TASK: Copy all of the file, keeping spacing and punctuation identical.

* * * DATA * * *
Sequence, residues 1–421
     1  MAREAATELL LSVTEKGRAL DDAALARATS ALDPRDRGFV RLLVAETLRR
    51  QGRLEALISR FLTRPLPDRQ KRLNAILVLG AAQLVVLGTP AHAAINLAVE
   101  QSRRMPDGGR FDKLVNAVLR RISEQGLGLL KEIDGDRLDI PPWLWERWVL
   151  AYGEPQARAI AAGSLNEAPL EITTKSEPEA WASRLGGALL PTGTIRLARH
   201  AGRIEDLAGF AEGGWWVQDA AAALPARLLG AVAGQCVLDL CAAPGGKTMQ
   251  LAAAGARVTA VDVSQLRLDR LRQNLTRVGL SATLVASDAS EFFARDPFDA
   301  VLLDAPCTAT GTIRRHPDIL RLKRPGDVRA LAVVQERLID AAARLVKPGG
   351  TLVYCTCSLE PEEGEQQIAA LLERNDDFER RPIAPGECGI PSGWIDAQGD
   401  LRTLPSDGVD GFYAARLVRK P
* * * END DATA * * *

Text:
Sequence, residues 1–421
     1  MAREAATELL LSVTEKGRAL DDAALARATS ALDPRDRGFV RLLVAETLRR
    51  QGRLEALISR FLTRPLPDRQ KRLNAILVLG AAQLVVLGTP AHAAINLAVE
   101  QSRRMPDGGR FDKLVNAVLR RISEQGLGLL KEIDGDRLDI PPWLWERWVL
   151  AYGEPQARAI AAGSLNEAPL EITTKSEPEA WASRLGGALL PTGTIRLARH
   201  AGRIEDLAGF AEGGWWVQDA AAALPARLLG AVAGQCVLDL CAAPGGKTMQ
   251  LAAAGARVTA VDVSQLRLDR LRQNLTRVGL SATLVASDAS EFFARDPFDA
   301  VLLDAPCTAT GTIRRHPDIL RLKRPGDVRA LAVVQERLID AAARLVKPGG
   351  TLVYCTCSLE PEEGEQQIAA LLERNDDFER RPIAPGECGI PSGWIDAQGD
   401  LRTLPSDGVD GFYAARLVRK P